The Birthday Honours list last Saturday contained only one honour for a dental professional an MBE for Sue Greening.
In the words of her local paper she ‘played a key role in the strengthening of community dental services, and of those for disabled people, in Wales.’ She became a consultant in the new speciality of special care dentistry in 2009. She has also been BDA President.
But she was the only recipient. As one of my correspondents pointed out to me over the weekend, this was a ‘very thin round of Honours for dentistry'.
Speaking in the House of Commons in 1944 (Sir) Winston Churchill said: ‘The object of presenting medals, stars, and ribbons is to give pride and pleasure to those who have deserved them.’
Nearly 70 years later, is this still true? When I received my honour in 2002, there were certainly some who wondered what I had done to deserve it. Others thought they should have received one before me. So, how are recipients chosen?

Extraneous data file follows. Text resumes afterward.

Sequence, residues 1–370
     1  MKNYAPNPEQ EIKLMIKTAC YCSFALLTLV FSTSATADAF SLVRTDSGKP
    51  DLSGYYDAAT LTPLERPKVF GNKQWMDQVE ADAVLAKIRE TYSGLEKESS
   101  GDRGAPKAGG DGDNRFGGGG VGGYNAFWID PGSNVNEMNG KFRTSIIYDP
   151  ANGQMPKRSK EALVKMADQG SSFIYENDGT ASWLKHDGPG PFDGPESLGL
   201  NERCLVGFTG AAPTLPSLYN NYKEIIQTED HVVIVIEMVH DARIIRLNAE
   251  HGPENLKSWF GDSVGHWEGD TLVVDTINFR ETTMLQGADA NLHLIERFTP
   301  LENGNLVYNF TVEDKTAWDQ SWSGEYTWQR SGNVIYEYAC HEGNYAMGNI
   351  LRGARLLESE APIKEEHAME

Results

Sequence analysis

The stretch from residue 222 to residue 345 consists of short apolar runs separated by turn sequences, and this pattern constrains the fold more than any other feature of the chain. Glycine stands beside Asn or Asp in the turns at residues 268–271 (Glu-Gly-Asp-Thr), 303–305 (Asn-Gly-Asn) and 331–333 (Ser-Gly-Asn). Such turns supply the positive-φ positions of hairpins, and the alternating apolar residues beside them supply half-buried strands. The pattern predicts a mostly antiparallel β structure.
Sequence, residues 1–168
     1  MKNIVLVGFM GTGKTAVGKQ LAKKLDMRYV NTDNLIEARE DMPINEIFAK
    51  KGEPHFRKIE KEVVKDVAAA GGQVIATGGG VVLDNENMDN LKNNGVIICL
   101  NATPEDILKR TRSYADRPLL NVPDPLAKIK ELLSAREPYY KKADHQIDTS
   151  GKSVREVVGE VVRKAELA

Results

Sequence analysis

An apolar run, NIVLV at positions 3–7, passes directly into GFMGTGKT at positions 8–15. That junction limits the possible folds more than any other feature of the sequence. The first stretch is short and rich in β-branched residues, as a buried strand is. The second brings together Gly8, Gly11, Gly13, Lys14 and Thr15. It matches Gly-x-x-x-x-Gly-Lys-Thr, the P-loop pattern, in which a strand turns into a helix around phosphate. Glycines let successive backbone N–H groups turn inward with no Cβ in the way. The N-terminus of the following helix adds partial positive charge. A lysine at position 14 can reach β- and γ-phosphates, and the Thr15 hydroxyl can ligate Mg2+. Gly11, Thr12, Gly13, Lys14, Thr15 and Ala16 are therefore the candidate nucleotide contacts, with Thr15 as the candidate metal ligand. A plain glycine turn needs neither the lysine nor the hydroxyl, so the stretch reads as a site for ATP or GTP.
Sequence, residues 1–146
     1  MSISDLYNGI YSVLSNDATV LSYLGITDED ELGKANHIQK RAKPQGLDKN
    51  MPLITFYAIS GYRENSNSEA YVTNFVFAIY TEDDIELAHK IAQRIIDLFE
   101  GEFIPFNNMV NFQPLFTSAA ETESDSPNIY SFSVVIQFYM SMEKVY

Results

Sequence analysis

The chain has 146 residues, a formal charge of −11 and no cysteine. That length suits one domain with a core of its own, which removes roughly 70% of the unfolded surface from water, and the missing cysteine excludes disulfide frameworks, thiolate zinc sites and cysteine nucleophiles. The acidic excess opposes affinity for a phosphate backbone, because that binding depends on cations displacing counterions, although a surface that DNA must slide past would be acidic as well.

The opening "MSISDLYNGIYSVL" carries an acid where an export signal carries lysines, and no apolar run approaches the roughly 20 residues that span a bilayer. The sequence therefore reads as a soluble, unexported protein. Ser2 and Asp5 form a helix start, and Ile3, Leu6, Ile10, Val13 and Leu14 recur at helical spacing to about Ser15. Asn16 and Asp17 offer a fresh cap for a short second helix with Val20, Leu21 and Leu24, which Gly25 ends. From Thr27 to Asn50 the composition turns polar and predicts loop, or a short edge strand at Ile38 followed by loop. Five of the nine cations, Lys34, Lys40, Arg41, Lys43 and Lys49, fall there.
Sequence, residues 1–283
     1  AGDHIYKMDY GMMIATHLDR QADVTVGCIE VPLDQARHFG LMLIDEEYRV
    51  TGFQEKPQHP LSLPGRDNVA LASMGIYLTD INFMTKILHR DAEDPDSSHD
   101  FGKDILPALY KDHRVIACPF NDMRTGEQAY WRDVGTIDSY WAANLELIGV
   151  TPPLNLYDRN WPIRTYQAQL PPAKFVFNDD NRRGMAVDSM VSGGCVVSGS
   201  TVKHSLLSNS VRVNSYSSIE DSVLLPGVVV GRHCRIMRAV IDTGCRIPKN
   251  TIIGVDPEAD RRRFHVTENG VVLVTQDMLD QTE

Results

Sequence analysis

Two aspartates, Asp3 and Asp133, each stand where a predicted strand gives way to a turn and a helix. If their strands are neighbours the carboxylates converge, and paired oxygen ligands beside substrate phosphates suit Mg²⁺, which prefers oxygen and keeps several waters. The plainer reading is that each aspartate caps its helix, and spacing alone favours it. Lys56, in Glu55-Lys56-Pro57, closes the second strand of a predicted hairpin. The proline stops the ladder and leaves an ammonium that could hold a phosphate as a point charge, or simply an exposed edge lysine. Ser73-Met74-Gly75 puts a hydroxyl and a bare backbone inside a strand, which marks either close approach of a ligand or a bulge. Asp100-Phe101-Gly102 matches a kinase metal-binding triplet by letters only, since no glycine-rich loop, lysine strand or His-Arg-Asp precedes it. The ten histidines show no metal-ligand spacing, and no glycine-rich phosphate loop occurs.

The first lesson to be learned is that a ‘gong’ no longer automatically goes with the job.
Secondly, anyone can nominate anyone else. You simply go to the Cabinet Office website, download nomination papers, fill them up saying what a great guy your mate is and get at least two others who will support the nomination. Send it off and hope for the best.
They reward people for public service, which the Department of Health has always interpreted as NHS rather than private dentistry.
The Department has an Honours committee and this decides how the allocation for health should be divided up among the competing claims. Then on it goes to the Honours Committee at the Cabinet Office who decides who goes on the final list. Then six weeks before the day the proposed recipient is sent a letter from No 10 asking them to confirm they will accept it. Finally, twice a year the lists are announced.
That’s the system; is it fair? In a way, it never can be. There are too many who deserve an honour who will be disappointed. To return to Churchill’s speech, he said ‘All that is possible is to give the greatest satisfaction to the greatest number and to hurt the feelings of the fewest.’